And that is how our family ended up at the shelter that afternoon, taking dog after dog out for a walk. The husky Jackson had his eye on wasn’t available, so we asked to see other animals who might be a good fit for us. We let Jackson tell them what he needed: a medium to large size dog, not too old, good with kids, cats and other dogs, who loves to play and cuddle. No small order.

“Go get Blue for them,” one of the staff said. “We all love Blue. He’s a big suck.”

According to Blue’s papers, he originates from a shelter in New York City and made his way up to Canada, although I don’t know all the specifics of that journey. He’s 18 months old and 60 pounds. His documentation says he’s a Chocolate Lab mixed with a Great Dane. I think there’s some other stuff mixed in there, too, but who cares? Mutts are cool little mysteries, and are often the very best dogs.

Blue also spent time with a foster family that had an eight-year-old boy, and they had been peas in a pod while he was there. This bode well for Jackson’s dream of a best friend.

“Is this the right dog for us?” I asked the kids. It was practically rhetorical. We knew the answer.

Or most of us knew, anyway. We brought Blue home Wednesday night. He was hyper, tearing around the place, knocking stuff over, unable to settle down. I suppose, when you’ve been moved from place to place, from person to person, from country to country, unsure of what’s happening next, it’s hard to calm that anxiety in a few short hours.

Alexis had her doubts we had made the right choice. “I don’t know, mom. He’s pretty wild. I’m not feeling it just yet. Maybe it’s too soon since Shadow died and I can’t connect with another dog. I just don’t know.”

The next morning, Blue had calmed down. I greeted him with his harness and an early morning walk. He heeled the entire time, walking proudly beside me, greeting other people and their dogs with quiet confidence. He licked my face to thank me when we got home, and jumped back up on Jackson’s bed to fall asleep again.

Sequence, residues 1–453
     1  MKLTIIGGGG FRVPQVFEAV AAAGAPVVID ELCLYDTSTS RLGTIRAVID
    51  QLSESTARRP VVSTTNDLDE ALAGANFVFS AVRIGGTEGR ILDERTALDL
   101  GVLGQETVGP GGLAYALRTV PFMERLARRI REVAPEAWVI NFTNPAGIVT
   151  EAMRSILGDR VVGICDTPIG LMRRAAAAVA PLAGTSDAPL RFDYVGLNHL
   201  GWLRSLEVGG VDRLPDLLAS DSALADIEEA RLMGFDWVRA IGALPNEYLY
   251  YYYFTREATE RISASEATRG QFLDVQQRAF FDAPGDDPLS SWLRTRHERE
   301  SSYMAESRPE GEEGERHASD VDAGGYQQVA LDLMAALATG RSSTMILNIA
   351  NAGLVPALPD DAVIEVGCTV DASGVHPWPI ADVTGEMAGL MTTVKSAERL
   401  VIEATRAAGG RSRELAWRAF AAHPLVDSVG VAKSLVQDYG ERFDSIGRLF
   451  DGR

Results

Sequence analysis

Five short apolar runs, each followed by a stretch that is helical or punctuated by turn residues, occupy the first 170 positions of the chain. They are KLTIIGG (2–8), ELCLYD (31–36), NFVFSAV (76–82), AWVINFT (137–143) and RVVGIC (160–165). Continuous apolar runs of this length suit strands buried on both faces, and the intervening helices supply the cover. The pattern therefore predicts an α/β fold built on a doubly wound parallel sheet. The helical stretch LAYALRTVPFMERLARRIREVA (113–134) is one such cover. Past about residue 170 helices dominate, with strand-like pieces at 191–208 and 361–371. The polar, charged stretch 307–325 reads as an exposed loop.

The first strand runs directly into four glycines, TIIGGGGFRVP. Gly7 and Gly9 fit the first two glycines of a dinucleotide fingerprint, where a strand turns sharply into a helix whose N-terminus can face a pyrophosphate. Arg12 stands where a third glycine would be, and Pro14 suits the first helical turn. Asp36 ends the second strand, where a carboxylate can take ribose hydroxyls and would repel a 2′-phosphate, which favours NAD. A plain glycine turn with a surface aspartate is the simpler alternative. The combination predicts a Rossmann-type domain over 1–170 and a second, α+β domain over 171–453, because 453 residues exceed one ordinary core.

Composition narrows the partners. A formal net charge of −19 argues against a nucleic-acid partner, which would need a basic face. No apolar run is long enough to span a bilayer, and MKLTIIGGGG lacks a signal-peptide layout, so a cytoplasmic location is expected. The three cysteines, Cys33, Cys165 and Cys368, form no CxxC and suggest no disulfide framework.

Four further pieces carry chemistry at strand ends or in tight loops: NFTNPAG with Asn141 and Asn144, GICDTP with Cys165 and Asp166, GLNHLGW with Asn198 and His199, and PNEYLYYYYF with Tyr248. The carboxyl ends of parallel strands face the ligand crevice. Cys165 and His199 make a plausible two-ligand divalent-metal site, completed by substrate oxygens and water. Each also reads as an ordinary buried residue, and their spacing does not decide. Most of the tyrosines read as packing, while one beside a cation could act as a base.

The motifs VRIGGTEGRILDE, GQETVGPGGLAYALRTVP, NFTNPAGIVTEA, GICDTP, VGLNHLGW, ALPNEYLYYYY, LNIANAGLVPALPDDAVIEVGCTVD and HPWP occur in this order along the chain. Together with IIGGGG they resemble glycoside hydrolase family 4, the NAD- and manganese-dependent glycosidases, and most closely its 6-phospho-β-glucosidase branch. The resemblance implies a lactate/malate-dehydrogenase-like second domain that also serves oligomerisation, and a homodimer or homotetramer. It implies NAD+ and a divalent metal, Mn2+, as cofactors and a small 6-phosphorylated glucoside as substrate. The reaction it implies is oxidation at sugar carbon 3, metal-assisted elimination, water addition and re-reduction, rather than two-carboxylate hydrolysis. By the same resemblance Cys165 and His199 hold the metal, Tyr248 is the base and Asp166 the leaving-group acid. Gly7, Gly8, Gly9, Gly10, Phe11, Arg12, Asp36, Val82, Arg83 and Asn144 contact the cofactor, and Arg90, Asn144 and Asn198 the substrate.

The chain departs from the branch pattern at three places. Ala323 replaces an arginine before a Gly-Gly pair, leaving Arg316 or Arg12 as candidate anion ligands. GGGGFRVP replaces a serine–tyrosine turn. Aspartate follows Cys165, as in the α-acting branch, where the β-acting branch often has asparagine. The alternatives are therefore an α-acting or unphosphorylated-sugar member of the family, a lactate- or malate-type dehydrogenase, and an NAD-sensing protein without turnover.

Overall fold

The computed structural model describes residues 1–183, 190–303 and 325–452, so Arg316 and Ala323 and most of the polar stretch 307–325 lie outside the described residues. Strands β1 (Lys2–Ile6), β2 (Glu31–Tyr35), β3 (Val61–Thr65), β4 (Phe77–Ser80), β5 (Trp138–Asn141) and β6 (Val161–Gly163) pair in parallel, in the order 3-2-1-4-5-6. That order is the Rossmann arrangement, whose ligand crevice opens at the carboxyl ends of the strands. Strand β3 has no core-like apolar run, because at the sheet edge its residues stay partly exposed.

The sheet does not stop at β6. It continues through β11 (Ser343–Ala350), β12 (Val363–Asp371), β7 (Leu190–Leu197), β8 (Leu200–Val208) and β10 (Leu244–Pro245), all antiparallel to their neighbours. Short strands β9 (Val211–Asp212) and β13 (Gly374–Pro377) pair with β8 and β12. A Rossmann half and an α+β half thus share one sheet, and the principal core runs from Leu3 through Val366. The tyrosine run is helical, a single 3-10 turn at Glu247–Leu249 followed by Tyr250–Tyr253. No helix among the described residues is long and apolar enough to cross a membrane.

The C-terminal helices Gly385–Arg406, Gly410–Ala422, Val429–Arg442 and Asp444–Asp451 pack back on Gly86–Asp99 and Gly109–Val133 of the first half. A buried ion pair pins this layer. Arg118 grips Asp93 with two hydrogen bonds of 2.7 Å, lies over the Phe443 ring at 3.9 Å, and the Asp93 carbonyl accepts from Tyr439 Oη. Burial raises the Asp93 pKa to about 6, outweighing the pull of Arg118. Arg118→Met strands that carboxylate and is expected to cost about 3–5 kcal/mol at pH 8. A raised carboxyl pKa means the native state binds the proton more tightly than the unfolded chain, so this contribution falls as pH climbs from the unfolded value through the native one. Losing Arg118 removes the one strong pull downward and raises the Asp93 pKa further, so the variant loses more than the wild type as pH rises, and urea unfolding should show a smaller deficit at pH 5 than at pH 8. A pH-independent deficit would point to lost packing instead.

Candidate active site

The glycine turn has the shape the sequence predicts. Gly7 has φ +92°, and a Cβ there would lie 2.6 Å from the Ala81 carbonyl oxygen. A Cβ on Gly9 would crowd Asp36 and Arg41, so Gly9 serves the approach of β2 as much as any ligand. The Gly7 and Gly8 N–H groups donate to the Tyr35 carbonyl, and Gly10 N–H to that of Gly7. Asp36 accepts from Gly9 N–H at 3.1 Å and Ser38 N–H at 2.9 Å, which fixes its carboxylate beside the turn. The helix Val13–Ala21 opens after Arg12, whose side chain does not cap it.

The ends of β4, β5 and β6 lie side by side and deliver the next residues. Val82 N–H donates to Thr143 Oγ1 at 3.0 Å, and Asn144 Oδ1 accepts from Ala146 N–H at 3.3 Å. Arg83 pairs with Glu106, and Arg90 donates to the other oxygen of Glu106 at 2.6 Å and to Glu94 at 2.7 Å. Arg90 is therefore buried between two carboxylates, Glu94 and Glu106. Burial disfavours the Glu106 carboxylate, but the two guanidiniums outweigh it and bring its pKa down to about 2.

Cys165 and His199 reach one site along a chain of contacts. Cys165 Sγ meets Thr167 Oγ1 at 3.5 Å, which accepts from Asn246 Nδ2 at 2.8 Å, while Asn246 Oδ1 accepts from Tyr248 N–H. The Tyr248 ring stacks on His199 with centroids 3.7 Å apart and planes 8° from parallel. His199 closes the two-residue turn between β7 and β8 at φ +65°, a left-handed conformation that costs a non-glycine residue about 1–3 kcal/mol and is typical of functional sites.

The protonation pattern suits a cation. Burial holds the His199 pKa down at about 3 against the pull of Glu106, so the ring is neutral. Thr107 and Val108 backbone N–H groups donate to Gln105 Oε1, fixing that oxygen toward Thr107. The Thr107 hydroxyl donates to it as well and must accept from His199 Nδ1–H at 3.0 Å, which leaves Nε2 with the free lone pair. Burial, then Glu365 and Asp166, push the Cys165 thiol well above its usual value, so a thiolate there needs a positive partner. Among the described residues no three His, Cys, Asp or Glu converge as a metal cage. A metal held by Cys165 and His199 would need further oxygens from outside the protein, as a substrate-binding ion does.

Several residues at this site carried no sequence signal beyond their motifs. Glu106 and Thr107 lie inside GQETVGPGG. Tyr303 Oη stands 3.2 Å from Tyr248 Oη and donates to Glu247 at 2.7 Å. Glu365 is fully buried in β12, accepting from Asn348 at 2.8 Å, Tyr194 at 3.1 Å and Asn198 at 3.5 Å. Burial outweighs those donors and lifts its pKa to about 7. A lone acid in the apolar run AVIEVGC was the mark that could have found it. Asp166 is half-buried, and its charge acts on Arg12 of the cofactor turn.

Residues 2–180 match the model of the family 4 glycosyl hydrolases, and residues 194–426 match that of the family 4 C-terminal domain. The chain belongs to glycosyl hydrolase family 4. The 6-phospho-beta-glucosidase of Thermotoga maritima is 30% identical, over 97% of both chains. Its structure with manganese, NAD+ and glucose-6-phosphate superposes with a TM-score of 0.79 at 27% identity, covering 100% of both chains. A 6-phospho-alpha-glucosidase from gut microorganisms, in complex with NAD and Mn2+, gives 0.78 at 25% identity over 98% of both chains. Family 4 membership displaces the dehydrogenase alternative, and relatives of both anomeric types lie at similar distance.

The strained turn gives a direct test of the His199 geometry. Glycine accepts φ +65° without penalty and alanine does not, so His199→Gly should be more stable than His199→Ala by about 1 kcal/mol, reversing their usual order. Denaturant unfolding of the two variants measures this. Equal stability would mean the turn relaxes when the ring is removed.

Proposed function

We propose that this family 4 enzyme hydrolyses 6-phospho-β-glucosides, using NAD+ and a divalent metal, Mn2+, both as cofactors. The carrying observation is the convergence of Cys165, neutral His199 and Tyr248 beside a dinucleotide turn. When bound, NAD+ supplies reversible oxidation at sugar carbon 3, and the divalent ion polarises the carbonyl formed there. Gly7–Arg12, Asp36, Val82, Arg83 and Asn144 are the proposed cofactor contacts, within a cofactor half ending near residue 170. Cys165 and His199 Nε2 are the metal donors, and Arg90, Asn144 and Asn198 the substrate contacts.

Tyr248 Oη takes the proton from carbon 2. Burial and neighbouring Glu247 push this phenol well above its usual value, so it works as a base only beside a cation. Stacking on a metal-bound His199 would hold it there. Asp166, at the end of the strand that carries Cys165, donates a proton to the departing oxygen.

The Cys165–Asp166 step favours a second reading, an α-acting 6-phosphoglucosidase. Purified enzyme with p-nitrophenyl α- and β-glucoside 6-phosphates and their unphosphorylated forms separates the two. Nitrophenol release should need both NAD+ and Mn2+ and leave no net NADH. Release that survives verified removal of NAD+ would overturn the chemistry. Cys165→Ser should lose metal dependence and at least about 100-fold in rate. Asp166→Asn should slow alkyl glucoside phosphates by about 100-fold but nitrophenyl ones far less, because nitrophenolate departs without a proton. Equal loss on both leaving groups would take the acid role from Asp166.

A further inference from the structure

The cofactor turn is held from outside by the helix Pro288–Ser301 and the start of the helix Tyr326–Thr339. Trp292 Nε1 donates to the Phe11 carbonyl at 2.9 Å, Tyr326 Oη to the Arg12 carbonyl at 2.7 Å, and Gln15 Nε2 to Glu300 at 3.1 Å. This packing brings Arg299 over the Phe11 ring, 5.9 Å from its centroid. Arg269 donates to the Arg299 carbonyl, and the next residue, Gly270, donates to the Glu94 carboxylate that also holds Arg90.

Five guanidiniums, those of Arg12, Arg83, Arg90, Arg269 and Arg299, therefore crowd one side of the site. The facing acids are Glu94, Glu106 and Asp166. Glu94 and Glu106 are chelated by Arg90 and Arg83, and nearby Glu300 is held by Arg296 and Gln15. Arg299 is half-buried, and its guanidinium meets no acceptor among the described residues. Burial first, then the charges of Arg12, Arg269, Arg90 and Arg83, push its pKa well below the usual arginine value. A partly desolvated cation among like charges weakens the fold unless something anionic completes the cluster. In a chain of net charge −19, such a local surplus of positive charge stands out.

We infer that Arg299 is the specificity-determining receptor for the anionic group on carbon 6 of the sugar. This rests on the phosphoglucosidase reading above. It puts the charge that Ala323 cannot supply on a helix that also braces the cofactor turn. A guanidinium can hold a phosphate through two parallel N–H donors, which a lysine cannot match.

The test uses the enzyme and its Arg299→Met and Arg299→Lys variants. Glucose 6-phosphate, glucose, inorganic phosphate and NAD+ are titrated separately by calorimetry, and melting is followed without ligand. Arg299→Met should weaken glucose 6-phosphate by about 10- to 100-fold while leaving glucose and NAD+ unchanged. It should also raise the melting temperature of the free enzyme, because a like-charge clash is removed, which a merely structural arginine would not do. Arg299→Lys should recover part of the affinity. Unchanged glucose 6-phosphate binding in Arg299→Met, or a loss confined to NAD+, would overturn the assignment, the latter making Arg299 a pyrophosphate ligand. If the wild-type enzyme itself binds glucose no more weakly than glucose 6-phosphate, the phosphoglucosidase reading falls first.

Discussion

By that evening, Alexis sat on the couch with a sleeping Blue next to her. “I take it back," she grinned fondly. "He’s not Shadow, he’ll never be Shadow. But he’s Blue. And Blue is great.” 

Blue is great. He and Jackson are the best of friends. We take him for walks and he waits patiently by the swings while his human BFF takes a turn. They play tag, fetch, and have water fights. When Jackson comes home from school, Blue meets him at the door with his favourite ball.

And at night, Blue crawls onto his little buddy’s bed sleepily, and they pass out together after hours of fun.

Shadow was the dog Alexis needed. Blue is the dog Jackson needed.

But I needed Blue, too. I just didn’t know it. I love our early morning walks in the park and our cuddles on the couch in the evening. I love the joy on his face when I walk in the door, and the grin he gives me when I agree to play with his disgusting, completely mauled, falling apart ball in the backyard.

However, I especially love how Blue has helped me remember an important lesson: Change is hard, especially of the loss variety, but life always brings us something new. Blue is our new. And with him, we are feeling far less blue by the day. You can’t ever replace a person or pet you’ve lost. But love is bountiful, and it can wrap itself around new relationships in the aftermath, if we allow it.

Two nights ago, as I was sitting on the couch with both my not-so-little lapdog and my actually little lapdog, I overheard Jackson say to his friend, “If it weren’t for me, Blue wouldn’t be here. I made a good case for him, including how he’d be good for my emotional wellbeing. And that’s how we got this great dog.”

I smiled and looked down at the giant sleeping head on my lap. I felt my heart grow a little bigger.

Thanks for being wonderfully manipulative, kid. Blue and I owe you one.  

Amanda Jette Knox